Kudos to the Associated Press for shining light on a longstanding rule in the state Assembly that allows some lawmakers to change their votes after the fact — sometimes repeatedly.

It's a contemptible practice, one that allows legislators to avoid taking clear positions and, thus, hiding their true votes from constituents. Worse, it casts doubt on all legislative votes, leaving one to question what is real and what is fiction about voting records.

Under this rule, all 80 members of the Assembly are allowed to change or add votes as long as it does not alter whether the bill passed or failed. The state Senate allows such changes to be made only by its Democratic and Republican leaders.

The Associated Press analysis shows that in this year's legislative session alone, state Assembly members made 5,012 vote changes or additions to the record.

Three North Coast lawmakers were included in on the list: Jared Huffman, D-San Rafael, a candidate in the 2nd Congressional district; Michael Allen, D-Santa Rosa, a candidate in the 10th Assembly District, and Wes Chesbro, D-Arcata, a candidate in the 2nd Assembly District.

Allen changed or added his vote 12 times, including switching his vote from yes to not voting on a bill that called for raising a $250,000 cap on pain-and-suffering damages in medical malpractice cases. The bill failed.

Chesbro added or altered his vote 26 times including changing his vote from yes to no on a controversial bill that would have allowed media greater access to prisoners. The bill passed but was vetoed last month by Gov. Jerry Brown.

Huffman, meanwhile, did not change any of his votes. But he was second among all Bay Area legislators in having the most voting additions with 144.

As Staff Writer Derek Moore reported, Huffman says the add-ons were a reflection of his busy legislative schedule. "I was not playing politics," he said.

Maybe not. But it's evident that politics is often the key motivation.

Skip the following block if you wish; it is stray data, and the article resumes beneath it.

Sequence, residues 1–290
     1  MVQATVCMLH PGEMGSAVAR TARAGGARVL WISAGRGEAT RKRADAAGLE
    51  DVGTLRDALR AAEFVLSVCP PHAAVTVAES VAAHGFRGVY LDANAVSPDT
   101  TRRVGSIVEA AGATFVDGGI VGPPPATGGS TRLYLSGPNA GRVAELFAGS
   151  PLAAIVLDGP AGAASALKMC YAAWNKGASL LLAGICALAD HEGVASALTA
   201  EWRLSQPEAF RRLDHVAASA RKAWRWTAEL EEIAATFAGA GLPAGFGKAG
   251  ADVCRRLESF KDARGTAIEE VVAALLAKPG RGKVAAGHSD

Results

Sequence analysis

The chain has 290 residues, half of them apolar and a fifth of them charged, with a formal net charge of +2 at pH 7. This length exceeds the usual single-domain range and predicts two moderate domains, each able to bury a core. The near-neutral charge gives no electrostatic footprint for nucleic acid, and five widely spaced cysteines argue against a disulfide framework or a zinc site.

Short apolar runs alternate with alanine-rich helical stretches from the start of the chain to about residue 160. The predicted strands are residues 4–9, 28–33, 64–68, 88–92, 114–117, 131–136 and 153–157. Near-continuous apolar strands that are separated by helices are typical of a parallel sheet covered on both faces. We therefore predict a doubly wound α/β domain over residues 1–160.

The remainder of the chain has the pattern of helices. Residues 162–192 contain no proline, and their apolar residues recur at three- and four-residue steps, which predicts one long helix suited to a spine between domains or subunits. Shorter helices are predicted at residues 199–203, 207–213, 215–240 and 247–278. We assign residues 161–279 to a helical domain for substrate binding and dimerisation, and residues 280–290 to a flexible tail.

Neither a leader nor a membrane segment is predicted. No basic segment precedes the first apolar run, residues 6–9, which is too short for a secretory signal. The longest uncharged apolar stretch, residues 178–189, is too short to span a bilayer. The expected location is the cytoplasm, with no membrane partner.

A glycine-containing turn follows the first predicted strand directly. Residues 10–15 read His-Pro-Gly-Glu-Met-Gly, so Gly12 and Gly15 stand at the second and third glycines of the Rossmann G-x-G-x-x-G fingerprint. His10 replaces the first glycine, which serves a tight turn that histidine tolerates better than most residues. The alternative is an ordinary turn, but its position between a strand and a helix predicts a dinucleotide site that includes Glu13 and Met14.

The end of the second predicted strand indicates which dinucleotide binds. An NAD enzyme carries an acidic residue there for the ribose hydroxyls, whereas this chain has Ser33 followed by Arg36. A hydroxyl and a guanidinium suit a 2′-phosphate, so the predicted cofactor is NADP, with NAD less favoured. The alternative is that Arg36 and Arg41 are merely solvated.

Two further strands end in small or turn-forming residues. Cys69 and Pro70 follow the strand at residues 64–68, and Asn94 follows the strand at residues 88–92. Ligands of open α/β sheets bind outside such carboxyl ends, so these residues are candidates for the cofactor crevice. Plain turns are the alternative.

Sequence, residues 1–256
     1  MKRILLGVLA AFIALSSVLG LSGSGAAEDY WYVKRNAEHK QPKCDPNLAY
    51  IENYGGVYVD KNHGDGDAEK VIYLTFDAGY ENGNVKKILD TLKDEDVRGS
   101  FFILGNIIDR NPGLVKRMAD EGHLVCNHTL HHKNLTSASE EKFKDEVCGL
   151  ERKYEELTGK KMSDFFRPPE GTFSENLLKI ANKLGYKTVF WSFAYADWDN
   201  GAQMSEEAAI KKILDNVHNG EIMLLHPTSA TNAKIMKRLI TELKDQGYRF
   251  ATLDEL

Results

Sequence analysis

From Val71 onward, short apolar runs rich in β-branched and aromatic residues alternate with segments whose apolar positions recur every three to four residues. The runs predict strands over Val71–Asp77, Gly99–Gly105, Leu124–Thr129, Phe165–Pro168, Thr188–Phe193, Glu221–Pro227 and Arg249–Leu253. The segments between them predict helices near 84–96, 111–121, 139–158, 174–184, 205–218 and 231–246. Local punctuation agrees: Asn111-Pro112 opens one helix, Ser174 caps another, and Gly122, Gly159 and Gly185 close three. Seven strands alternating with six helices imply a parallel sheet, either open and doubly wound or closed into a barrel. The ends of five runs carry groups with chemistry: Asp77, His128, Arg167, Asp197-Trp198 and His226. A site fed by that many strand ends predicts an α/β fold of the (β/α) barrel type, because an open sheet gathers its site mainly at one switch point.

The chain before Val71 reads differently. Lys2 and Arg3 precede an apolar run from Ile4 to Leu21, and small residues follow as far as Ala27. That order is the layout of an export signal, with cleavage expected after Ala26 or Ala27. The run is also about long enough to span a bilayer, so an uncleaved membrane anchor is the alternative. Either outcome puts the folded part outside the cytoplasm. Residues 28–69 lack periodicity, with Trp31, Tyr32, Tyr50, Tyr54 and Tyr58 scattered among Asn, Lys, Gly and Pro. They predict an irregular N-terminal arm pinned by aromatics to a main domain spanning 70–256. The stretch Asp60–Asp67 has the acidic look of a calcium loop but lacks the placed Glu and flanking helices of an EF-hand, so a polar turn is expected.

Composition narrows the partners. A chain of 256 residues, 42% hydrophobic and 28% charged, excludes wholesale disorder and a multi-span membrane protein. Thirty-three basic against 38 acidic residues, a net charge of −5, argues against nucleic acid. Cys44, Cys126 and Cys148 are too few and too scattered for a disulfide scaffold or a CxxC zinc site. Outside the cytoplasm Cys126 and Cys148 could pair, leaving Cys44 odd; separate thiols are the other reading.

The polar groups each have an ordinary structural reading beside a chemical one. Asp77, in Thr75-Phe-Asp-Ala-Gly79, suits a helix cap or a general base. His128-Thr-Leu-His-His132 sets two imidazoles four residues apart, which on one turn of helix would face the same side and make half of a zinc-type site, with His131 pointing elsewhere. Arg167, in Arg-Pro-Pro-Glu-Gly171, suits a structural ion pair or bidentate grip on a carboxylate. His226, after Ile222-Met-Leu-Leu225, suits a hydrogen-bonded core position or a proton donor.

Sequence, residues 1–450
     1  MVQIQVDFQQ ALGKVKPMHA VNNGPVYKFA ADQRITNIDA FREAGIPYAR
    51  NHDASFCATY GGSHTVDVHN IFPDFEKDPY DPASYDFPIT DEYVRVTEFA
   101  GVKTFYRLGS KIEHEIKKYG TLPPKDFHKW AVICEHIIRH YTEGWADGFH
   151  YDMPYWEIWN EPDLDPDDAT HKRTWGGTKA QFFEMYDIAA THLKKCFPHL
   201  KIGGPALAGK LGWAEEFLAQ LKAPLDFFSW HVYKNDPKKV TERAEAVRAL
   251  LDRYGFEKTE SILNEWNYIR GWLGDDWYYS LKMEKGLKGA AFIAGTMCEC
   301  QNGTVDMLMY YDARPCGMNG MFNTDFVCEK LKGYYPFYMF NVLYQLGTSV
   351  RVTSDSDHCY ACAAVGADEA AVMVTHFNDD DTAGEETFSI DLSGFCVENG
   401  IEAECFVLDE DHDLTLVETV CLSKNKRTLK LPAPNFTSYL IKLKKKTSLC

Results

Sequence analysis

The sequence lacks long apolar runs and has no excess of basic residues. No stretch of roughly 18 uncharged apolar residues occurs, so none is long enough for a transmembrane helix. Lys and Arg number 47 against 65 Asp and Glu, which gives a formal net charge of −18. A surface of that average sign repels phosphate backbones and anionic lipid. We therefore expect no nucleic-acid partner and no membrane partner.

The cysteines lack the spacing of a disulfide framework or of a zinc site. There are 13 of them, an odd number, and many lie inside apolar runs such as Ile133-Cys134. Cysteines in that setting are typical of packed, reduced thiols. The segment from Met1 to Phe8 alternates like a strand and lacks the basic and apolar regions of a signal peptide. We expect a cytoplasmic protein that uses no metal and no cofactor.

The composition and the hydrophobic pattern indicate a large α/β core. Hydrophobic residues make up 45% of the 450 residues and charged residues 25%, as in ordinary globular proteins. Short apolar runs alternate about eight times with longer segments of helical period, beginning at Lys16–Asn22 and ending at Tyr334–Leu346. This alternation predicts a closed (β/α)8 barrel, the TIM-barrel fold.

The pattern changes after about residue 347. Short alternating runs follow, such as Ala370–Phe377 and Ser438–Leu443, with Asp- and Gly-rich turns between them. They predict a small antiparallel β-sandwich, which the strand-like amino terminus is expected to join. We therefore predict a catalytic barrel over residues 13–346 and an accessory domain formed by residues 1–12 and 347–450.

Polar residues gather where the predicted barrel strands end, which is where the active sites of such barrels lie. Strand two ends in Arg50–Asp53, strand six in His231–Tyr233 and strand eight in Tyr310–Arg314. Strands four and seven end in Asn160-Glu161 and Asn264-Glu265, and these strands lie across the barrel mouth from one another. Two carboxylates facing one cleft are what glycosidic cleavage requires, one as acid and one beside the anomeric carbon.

The AP analysis showed some interesting trends. For example, lawmakers running for a new seat this fall were more likely than any other Assembly member to use the vote-switching practice. Associated Press reporters found that of the top 15 vote-changers this year, 11 were seeking a new office outside of the Assembly.

Lawmakers also were more likely to change their votes on bills that involved powerful lobbies such as law enforcement or education. Bills involving divisive social issues also were more likely to see vote changing.

This is not a bipartisan problem. In fact, Assembly Republicans changed their votes at more than twice the rate as Democrats, according to the Associated Press.

We recognize that there should be some allowance for lawmakers to add their vote if, for legitimate reasons, they cannot be present when a floor vote is called. But there is no credible reason — beyond deliberate obfuscation — for changing one's vote after the fact. It's no less ludicrous to allow a lawmaker to nullify a vote in favor of perpetuating a fiction that he or she did not take a position when the vote was taken.

Legislators, let your "ayes" be "ayes," and vote yes on terminating this silly game of hide and go seek with voting records.